A study from North Carolina State University shows that Toyota’s safety-related recalls that began in 2009 made little to no impact on how consumers perceived the brand.
“These findings highlight the importance of establishing and maintaining a reputation for quality,” says Dr. Robert Hammond, an assistant professor of economics at NC State and lead author of a paper describing the study. “Not only will it help you sell cars in the first place, but it will help you weather public scrutiny in the event of a recall.”
Hammond launched the study because he wanted to see how consumers respond to recalls. “I wanted to look at how a product recall for safety would affect what a consumer is willing to pay for that product,” Hammond says. He looked at Toyota models that were subject to recall in 2009-2010 as a result of highly publicized concerns over “sudden unintended acceleration.” Those recalls applied to over 9 million vehicles worldwide.
In order to focus on consumer perception of the brand, Hammond looked at used-car markets. Sales of new vehicles can make it difficult to assess the impact of a recall, because there are multiple confounding variables – such as promotions, marketing campaigns and new models that weren’t subject to the relevant recall.
But by looking at the average prices for specific models in the used-car market, researchers can determine how much Toyota owners were willing to accept when selling their vehicles – and how much used-car buyers were willing to pay for them.
Hammond found that, despite the high-profile media coverage of the Toyota recalls, there was very little effect on what consumers were willing to pay for a Toyota. Specifically, Hammond found that the average price of affected vehicles declined by approximately 2 percent relative to comparable, unaffected vehicles (such as similar Honda models). That 2 percent decline is within the statistical margin-of-error for the study.
And the effect did not last long. The first Toyota recall was in November 2009, and the apparent decline in vehicle price had leveled out by January 2010.
Hammond did a similar analysis of Audi vehicles that were recalled due to similar acceleration concerns in 1986. The impact there was more significant. Audi showed an average price slide of over 16 percent relative to similar, unaffected vehicles over the course of six months. “Comparing the Toyota and Audi experiences highlights the value of a well-established reputation,” Hammond says.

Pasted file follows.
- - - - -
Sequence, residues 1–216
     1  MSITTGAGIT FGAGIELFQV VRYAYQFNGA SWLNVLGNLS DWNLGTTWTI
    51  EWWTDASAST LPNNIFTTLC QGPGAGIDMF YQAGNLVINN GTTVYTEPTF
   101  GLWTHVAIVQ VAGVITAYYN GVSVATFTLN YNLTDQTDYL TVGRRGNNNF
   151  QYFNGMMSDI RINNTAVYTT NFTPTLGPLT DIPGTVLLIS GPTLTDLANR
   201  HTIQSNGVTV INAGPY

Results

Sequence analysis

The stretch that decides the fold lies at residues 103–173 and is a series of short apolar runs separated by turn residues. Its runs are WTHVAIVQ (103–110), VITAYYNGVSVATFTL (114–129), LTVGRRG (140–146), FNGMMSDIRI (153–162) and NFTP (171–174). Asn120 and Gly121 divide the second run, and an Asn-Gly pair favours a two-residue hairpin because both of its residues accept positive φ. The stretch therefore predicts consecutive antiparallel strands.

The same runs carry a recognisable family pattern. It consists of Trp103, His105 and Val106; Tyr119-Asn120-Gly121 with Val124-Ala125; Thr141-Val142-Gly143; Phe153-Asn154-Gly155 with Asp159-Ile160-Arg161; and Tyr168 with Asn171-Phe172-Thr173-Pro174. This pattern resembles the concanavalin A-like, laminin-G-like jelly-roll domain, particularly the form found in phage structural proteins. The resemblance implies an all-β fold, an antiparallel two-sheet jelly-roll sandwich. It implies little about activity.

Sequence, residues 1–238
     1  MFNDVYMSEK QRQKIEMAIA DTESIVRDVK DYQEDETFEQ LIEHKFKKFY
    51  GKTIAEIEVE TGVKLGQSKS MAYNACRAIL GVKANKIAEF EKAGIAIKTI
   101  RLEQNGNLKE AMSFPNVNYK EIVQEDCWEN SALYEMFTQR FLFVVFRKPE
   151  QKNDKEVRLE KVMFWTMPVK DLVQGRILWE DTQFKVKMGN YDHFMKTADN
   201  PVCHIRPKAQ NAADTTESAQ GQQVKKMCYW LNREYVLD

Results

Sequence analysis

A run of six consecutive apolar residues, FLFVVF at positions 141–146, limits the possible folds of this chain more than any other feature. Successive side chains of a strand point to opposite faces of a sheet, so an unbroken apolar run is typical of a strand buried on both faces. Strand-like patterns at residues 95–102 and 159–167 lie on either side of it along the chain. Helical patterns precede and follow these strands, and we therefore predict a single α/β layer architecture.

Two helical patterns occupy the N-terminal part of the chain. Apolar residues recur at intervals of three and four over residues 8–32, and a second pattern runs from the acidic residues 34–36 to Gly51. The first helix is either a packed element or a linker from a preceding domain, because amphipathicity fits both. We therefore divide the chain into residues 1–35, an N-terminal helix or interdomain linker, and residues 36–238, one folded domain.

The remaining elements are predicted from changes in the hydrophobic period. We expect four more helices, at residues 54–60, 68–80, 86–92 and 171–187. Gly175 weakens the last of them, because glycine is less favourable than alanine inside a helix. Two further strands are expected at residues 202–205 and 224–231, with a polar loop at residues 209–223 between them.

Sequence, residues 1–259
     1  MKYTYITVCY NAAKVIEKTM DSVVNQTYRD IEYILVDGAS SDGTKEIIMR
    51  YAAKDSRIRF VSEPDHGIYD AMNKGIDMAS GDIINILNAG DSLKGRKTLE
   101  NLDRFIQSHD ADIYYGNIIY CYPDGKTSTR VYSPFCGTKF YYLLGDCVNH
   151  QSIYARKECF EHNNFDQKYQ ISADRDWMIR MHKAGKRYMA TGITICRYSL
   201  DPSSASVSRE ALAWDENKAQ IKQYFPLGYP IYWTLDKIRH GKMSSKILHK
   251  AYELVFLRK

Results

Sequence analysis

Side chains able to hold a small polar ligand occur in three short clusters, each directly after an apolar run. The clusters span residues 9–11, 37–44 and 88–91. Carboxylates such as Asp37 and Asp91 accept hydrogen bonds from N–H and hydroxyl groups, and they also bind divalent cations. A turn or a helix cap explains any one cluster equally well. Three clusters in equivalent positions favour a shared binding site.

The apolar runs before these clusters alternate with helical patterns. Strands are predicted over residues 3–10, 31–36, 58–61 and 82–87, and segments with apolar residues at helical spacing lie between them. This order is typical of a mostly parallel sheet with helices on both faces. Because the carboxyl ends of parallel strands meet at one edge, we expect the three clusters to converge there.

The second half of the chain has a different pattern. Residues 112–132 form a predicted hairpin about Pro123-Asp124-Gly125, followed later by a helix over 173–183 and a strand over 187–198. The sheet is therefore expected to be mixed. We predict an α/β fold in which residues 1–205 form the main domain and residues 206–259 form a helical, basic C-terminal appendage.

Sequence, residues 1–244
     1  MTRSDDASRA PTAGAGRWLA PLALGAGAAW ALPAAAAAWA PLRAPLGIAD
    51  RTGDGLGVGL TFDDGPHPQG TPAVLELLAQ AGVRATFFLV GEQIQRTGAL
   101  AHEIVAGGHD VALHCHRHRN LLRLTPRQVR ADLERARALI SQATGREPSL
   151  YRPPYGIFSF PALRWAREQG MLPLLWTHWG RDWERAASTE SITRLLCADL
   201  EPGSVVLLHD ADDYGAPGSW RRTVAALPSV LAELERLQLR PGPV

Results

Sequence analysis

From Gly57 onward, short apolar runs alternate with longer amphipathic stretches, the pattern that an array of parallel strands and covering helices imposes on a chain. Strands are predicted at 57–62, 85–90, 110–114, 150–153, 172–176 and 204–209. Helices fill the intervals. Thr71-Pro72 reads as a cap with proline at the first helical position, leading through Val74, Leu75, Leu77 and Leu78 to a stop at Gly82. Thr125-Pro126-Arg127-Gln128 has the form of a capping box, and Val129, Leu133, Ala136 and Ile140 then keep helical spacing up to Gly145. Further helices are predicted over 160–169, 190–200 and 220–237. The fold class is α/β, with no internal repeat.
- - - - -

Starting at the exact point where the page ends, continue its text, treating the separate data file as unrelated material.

The paper, “Sudden Unintended Used-Price Deceleration? The 2009-2010 Toyota Recalls,” is forthcoming from the Journal of Economics and Management Strategy.
Note to Editors: The study abstract follows.
“Sudden Unintended Used-Price Deceleration? The 2009-2010 Toyota Recalls”
Author: Robert G. Hammond, North Carolina State University
Published: Forthcoming, Journal of Economics and Management Strategy
Abstract: Using data from the vehicle resale market, I test consumer responsiveness to large-scale product recalls that are caused by safety problems. The used-vehicle prices of Toyotas are compared to the used-vehicle prices of the other major domestic and foreign manufacturers. The results quantify the losses suffered by Toyota vehicle owners in secondary markets due to the 2009-2010 safety recalls of more than nine million Toyota Motors vehicles. The treatment effect of a recall is measured using panel data with a difference-in-differences estimation approach that allows for time-varying treatment effects and serial correlation. I find that this recall episode had negative effects in the resale market for automobiles that were quantitatively small (less than 2 percent of the vehicle’s resale value), statistically indistinguishable from zero, and short lived (did not persist beyond December 2009). A comparison with Audi’s recalls in the 1980s of vehicles with sudden unintended acceleration suggests that the extent to which a company’s reputation is established is more important than whether or not a company has a reputation for producing high-quality products.